Book-of-the-Month
      Club and the Literary Guild, when it made the best-seller lists
      and was translated into forty languages, when she won the Pulitzer
      Prize and started speaking at university commencements -- she
      became less the writer of To Kill a Mockingbird than its spokeswoman.
      Her few published writings after it are all extensions of the
      brand -- essays extolling the virtues of childhood, the importance
      of loving one's neighbor and one's country. In "When Children
      Discover America," published in McCall's in 1965, on the rewards
      of childhood travel, she writes of how "In the Far West, I would
      show children San Francisco. The Chinese people there are such
      wonderful Americans.... Younger children may not respond in words,
      but they will drink everything in with their eyes, and fill their
      minds with awareness and wonder. It's an experience they will
      enjoy and remember all their lives." Would this have been published
      if she weren't "Harper Lee"? Or "Love -- in Other Words" in Vogue:
      "There is only one kind of love -- love. But the different
      manifestations
      of love are uncountable: At an unfamiliar night noise a mother
      will spring from bed.... What is love? Many things are like love....
      Every creation of man's mind that has withstood the buffeting
      of time was born of love." This is the work of a writer who is
      unable to stop overhearing herself, who is consumed by thoughts
      of how she will sound to the thousands of impressionable people
      who send her fan mail. Her sentences -- "The Chinese people there
      are such wonderful Americans" -- are no longer the language of
      a novelist.

      Shields suggests that Hohoff's retirement from Lippincott in the
      early 1970s stymied Lee from finishing her second novel, which
      is certainly plausible, but Shields's knowledge of Hohoff and
      Lee's relationship is too poorly sourced to be of much use. The
      looseness of Shields's research reveals itself in the awkwardness
      of his diction, the forced connections Shields makes to connect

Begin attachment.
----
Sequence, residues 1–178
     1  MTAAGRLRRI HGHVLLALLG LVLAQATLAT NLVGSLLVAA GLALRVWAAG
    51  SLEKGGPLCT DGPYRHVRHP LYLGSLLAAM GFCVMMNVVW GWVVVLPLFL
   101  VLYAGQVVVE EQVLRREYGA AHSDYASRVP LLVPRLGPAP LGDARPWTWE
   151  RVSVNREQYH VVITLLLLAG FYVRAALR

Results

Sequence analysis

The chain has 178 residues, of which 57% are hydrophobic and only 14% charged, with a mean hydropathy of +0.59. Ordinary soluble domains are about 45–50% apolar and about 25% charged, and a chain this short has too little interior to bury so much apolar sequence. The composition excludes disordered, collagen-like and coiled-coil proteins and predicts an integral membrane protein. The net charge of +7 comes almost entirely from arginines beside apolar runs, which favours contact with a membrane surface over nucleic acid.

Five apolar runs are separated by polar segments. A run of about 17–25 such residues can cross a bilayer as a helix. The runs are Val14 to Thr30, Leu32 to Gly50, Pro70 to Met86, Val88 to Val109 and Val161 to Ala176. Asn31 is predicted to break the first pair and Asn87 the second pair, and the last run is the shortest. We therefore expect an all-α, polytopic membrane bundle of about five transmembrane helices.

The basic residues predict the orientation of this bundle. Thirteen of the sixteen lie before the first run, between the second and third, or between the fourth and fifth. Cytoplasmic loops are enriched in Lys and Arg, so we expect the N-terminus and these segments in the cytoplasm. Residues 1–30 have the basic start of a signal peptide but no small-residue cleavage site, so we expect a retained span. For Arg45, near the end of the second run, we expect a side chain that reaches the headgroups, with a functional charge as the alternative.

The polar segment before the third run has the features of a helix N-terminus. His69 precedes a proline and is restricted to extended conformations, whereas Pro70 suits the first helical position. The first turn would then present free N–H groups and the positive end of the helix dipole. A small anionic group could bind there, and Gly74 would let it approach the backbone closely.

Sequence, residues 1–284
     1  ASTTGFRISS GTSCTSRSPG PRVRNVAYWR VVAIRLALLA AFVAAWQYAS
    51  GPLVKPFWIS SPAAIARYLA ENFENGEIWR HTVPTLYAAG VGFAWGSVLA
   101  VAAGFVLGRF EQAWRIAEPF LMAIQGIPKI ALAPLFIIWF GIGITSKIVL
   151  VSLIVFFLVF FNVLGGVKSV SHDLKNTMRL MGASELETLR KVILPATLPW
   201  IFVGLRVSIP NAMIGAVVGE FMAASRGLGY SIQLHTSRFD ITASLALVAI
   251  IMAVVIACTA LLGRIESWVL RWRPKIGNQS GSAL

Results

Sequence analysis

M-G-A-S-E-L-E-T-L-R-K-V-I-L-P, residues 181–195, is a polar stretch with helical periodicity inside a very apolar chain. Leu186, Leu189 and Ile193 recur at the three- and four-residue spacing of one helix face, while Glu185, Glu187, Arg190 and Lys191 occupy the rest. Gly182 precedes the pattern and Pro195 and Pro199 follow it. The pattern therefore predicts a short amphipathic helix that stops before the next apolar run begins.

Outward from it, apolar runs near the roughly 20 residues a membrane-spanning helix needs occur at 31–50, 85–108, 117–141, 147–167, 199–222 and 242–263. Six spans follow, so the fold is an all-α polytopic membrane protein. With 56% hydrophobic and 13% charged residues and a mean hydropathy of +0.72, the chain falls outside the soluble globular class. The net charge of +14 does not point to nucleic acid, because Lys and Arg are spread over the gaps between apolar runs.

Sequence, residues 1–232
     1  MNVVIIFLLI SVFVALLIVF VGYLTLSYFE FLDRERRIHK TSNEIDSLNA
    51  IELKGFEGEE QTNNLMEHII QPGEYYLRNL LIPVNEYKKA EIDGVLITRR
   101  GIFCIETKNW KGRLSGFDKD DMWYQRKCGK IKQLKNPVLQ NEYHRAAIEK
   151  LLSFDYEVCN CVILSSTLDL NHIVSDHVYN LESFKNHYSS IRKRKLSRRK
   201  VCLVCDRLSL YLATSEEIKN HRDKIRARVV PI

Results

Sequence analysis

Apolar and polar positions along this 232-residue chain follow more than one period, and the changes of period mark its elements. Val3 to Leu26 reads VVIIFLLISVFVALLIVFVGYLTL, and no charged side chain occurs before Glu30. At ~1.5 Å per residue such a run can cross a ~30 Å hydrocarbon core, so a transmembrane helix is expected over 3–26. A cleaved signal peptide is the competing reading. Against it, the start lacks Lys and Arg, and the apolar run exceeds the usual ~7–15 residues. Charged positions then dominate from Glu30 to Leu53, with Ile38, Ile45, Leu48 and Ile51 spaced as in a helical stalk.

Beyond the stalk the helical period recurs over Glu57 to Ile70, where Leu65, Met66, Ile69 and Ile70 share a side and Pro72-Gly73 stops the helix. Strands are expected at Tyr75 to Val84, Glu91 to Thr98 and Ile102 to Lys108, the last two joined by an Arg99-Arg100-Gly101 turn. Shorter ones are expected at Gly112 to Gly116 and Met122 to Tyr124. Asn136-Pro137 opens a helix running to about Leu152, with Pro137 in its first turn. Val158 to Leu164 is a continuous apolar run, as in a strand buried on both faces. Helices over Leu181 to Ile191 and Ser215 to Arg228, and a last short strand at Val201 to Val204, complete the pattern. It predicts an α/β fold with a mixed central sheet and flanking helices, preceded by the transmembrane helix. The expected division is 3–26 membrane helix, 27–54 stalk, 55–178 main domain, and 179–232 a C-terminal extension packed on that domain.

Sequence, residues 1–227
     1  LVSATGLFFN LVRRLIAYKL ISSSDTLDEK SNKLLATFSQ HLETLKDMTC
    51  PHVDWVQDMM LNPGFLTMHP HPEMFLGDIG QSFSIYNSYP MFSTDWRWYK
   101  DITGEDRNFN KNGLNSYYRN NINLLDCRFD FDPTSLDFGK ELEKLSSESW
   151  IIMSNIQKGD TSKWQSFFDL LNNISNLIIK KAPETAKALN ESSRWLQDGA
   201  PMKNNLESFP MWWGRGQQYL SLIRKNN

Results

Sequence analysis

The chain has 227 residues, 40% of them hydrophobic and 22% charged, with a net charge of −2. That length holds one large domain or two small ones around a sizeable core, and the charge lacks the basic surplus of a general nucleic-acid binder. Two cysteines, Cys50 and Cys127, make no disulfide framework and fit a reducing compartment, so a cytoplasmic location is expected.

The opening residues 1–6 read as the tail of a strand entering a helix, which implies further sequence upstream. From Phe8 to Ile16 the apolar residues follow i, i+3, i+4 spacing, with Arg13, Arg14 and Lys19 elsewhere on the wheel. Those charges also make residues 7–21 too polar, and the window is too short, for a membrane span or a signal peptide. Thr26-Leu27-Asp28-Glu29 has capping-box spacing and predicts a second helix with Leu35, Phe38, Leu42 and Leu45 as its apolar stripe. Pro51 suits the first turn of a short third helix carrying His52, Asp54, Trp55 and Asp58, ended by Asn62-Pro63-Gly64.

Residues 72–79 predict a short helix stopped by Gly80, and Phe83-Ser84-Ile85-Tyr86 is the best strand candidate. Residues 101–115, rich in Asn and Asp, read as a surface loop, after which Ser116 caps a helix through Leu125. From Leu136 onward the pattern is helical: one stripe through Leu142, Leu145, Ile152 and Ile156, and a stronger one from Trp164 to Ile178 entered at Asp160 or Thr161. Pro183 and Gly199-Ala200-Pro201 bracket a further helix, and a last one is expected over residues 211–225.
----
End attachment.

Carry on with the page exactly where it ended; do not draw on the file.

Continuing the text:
the few facts he does know: "No doubt a fleeting thought of Miss
      Watson crossed Nelle's mind as she entered the epicenter of English
      intellectual life," he writes (Miss Watson, Shields thrillingly
      discovers, was the name of her high school English teacher). And
      he is probably not trying to be coy when he tells us that "I cannot
      say if she is homosexual (she was friends with Capote and other
      openly gay people)." Biographers must make do with what they can
      get, but Shields has brought so little to this project -- no general
      knowledge of Monroeville's culture, nothing on 1950s publishing
      -- that the book often reads like little more than an assemblage
      of other people's newspaper articles. (In the book's introduction,
      Shields boasts that through "an online database at the University
      of Virginia, I located perhaps one hundred articles from national
      newspapers about To Kill a Mockingbird and e-mailed them to myself.")
      Shields's chapter on the novel's film adaptation will seem awfully
      familiar to anyone who has encountered his main sources, the director's
      and producer's commentaries on the DVD.

      Shields mentions allegations that Capote, who read the novel in
      manuscript and made editing suggestions, was its true author,
      and denies them by relating that Hohoff's son-in-law "said that
      such a deception wouldn't have occurred to Nelle" and by the argument
      that "given Truman's inability to keep anybody's secrets, it's
      highly unlikely that he wouldn't have claimed right of authorship
      after the novel became famous." Shields might have marshaled more
      cogent evidence, but something about giving the credit to Capote
      would probably still appeal. He spent his childhood summers in
      Monroeville, where he would set his novel The Grass Harp; and
      if you squint the right way, the courtroom in To Kill a Mockingbird
      resembles the Kansas courtroom of In Cold Blood.

      But what spurs this rumor has little to do with similarities in
      content or outlook or idiom (few, on all counts). It is rather
      that Capote seems a born storyteller, who channeled his childhood
      grief and adult ostracism into a series of books, and whose career
      ended by drugs and alcohol, not a quiet stepping away. He, and
      not Lee, is what an artist is supposed to look like; a pity his
      work is of questionable merit. A biographer needs to shape the
      stories of a life into a narrative that makes sense. Shields's
      biography is noteworthy only because it is the first. That a better
      one will emerge is inevitable so long as To Kill a Mockingbird
      remains compulsory reading for every twelve-year-old in America.